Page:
I'm very pleased to have a 7 page guide to insect macro photography in the latest (May) issue of Outdoor Photography magazine.
The article provides some pointers on learning about your subject, technique and composition, using flash and wideangle macro. There's also some info on equipment.
(iPhone images below)
Sunday, 1 April 2018
Having had a long-standing interest in insect macro photography I have often been tempted to take the next step and to examine and photograph microscopic life. However one of the main reasons I didn't was because of my erroneous belief that there was little scope for creativity in photo microscopy or much potential to take different styles of photograph.
Back in the Autumn I was very kindly given a book on microscopy which made me realise that, actually, there are a variety of ways to photograph microscopic life and plenty of scope for different lighting and other photographic techniques. Fast forward a few months and quite a lot of background reading and I became the proud owner of a 1960s Zeiss GFL microscope stand with a trinocular head (meaning a camera can be attached without having to remove the binocular eyepieces) and a selection of good quality Zeiss objective lenses. Although a vintage model (and older than I am!) the Zeiss GFL that I bought is in excellent condition, is superbly built and works as well as the day it was made. It also has very attractive 1960s styling which provides a nice contrast to my Olympus E-M1 which I can connect directly to it.
PLEASE CLICK TO ENLARGE IMAGES
The hairy wing veins of a Green Lacewing (from an old prepared slide that I borrowed). Zeiss GFL, 100x magnification, dark field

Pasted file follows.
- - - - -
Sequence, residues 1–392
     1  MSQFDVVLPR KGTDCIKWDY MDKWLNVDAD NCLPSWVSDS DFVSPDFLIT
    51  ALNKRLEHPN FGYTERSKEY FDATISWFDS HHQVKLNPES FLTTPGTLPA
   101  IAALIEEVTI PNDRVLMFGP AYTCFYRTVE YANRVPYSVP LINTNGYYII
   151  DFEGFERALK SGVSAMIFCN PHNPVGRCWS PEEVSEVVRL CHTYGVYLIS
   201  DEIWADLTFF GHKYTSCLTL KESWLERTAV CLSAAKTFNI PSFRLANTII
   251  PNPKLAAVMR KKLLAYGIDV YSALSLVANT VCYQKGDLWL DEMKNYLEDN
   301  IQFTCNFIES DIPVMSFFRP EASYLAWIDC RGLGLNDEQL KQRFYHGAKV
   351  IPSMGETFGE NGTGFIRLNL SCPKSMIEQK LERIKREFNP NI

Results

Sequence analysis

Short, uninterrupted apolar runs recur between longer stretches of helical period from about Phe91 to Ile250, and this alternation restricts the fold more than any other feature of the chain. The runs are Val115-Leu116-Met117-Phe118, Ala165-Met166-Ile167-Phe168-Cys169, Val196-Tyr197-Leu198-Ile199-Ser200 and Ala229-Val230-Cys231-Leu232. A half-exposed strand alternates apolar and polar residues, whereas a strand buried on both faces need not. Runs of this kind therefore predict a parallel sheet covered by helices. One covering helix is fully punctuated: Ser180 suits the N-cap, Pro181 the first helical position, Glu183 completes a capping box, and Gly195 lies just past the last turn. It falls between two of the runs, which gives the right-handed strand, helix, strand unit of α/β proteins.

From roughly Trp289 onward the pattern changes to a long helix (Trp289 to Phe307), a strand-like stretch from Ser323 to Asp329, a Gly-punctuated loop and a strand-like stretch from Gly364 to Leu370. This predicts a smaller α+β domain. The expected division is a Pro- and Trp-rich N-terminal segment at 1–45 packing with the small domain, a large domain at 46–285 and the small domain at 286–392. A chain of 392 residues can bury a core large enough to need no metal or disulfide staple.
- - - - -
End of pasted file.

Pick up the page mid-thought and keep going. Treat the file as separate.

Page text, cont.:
A benefit of my Zeiss GFL is that it is capable of three different styles of image: (1) is 'standard' so-called brightfield where the image has a white background (2) is known as dark field where a black background is achieved and the subject is side lit which provides a very different image to bright field and (3) so-called phase contrast which provides a pale to mid grey background and the subject is normally shown with a lot of contrast which helps to pick out detail.
An iPhone image of my Zeiss GFL with trinocular head and Olympus OMD E-M1 attached. Note that I also connect the E-M1 to my iMac (which also sits on my desk) and can view the image directly on the iMac screen. This makes fine focusing much easier.
I have bought a number of prepared slides to view through the microscope, some, unbelievably, dating back to the 1860s, and have also made some of my own (temporary) slides viewing the life in standing water in my garden. It's a bit of a cliche but microscopy really does open up another world and I've very much enjoyed building my knowledge and skills over the last few months - though I still have a lot to learn.
Below are some of my favourite images taken so far.
Pine pollen composite, Zeiss GFL, 400x, darkfield, most were stacked
from 2-4 frames in Zerene Stacker (ZS)
A section of a young pine cone showing individual pollen grains, Zeiss GFL, 100x,
2 shots stacked in ZS, darkfield
An individual diatom (a type of microalgae with amazingly detailed shells). Zeiss GFL, 400x, Phase Contrast and stacked from 6 frames in ZS
An individual radiolarian (a type of microscopic protozoa, again with amazingly detailed shells). Zeiss GFL 400x Phase Contrast, 20 frames stacked in ZS
Filamentous algae Oedogenium. Zeiss GFL, 400x, Phase Contrast, 14 frames stacked in ZS
Pine pollen, Zeiss GFL, 400x, Phase Contrast, 4 frames stacked in Zerene Stacker (ZS)
Polypodium (fern) rhizome, Zeiss GFL, 160x, brightfield
A composite image of Diatoms. Zeiss GFL, 400x, darkfield, some diatoms stacked in ZS
A cross-section of a pine needle, Zeiss GFL, 100x, brightfield
finally, another single diatom, Zeiss GFL, 400x, Phase Contrast, 6 frames stacked in ZS